Bobi Wine sues police

In a civil suit filed at the High court yesterday, Kyadondo East MP, Robert Kyagulanyi Ssentamu (Bobi Wine) put the police on the spot for banning his music concerts because of their political content yet they did not stop President Museveni from using musicians in his re-election campaign last year.

A group of musicians were paid large sums of money to promote Museveni’s candidature in 2016, composing a praise song, Tubonga naawe, for the president. The MP believes he has run into trouble because of his opposition activism.

The musician-cum-opposition politician, whose profile has taken on a life of its own ever since he defied the odds and swept a by-election in a landslide win, yesterday dragged the Kampala Metropolitan police chief to the High court.

Bobi Wine addressing the media at the High court

Commandant Frank Mwesigwa was named alongside the Attorney General as a respondent in the civil suit.

“I have my political views and I should be able to express them wherever I’m. It can be a music concert or any other place. That’s why I’m here in court to challenge the infringement on my rights,” Kyagulanyi told journalists as his lawyer, Ladislaus Rwakafuuzi, looked on.

In the suit, he speaks about gross “violation of constitutional guarantees”, a common thread in similar protests lodged by colleagues opposed to President Museveni’s wishes to lift Article 102(b) that provides for presidential age limits.

Judge Henrietta Wolayo is invited to quash the ban and also compel the respondents to pay punitive and compensatory damages.

On Tuesday, Mwesigwa issued a directive banning Kyagulanyi from organizing concerts after the musician’s promoter Balunywa Promotions Limited sought police security ahead of a planned show at Colline hotel in Mukono.

Mwesigwa rationalized his decision, contending that during Kyagulanyi’s recent concert at One Love beach Busabala, he had uttered words that incited the public.

If he appears before Wolayo, the police officer will have to respond to Kyagulanyi’s charge that this decision violated his constitutional right to protection by the law under Article 21 (1).

The ban also contravenes Article 40 (2) of the constitution, according to the Kyadondo East MP.  This article stipulates: “Every person in Uganda has the right to practice his or her profession and to carry on any lawful occupation, trade or business.”

Another violation mentioned is in respect to Article 29 of the constitution which protects the inherent and fundamental human rights/ freedoms of speech, expression, assembly and association.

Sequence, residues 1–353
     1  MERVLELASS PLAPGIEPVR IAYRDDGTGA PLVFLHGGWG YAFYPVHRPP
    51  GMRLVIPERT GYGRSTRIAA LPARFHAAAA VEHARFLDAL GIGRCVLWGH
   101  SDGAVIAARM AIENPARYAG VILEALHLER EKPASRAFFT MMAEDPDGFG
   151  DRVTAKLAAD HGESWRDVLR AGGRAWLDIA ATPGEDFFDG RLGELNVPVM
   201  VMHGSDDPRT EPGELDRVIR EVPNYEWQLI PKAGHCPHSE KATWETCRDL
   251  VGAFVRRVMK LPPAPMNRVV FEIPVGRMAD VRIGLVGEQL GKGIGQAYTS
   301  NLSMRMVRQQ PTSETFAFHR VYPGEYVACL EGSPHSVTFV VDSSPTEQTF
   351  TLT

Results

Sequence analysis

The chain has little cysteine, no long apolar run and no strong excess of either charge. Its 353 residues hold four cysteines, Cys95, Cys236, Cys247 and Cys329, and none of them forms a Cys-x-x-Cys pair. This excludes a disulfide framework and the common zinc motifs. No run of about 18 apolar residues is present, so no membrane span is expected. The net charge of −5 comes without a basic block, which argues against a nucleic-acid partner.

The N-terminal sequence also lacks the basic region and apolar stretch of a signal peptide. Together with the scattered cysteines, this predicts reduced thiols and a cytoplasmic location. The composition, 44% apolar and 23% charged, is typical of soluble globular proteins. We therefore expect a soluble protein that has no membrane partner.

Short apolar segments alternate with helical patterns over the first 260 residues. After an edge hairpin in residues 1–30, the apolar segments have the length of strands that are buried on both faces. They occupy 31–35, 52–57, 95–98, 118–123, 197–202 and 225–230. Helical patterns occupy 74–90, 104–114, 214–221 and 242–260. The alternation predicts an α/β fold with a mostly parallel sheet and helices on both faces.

In his affidavit, Kyagulanyi says police machinations go back to September in the western district of Kasese. On September 29, Jackson Mbaju (MP Busongora South) invited him to stage a concert as part of events to launch Mbaju’s constituency development programme.



MP Robert Kyagulanyi

Through Rwakafuuzi and company advocates, Kyagulanyi says Mbaju wrote a letter notifying the police of the said event and subsequently Asuman Mugenyi, police director of operations, replied on the same day acknowledging the notification and expressing no objection.

On October 8, Kyagulanyi says, Assistant Superintendent of Police Richard Echega wrote another letter on behalf of the inspector general of police contending that due to “security reasons the function will not be allowed.”

“Honourable Mbaju had paid me the full amount for the show, Shs 20,000,000,” Kyagulanyi says, “… as a result of this cancellation, I’m morally obliged to refund the money.”

He adds that all his adult life, he has been an artiste and making a living through entertainment, and that he arranged for a show in Kamuli, on October 20. But policemen and crime preventers pulled down his adverts in Kamuli town in broad daylight, costing his promoter money.

“Subsequently, the district police commander, Kamuli, ordered the cancellation of the show saying that the IGP had instructed him not to allow the show,”Kyagulanyi says.

He had anticipated to earn a gross amount of Shs 30 million from the show. Then, police was notified as early as October 12 of the show planned for October 21 at Colline hotel. But in a letter dated October 19, 2017, Mwesigwa cancelled the show, saying Kyagulanyi’s music was political.

“That the said Mwesigwa informed me that I risk my career if I don’t stop making music to sound political and that I will not be allowed to stage music shows again,” Kyagulanyi says, adding that he is now devastated by the fact that his livelihood is in jeopardy.

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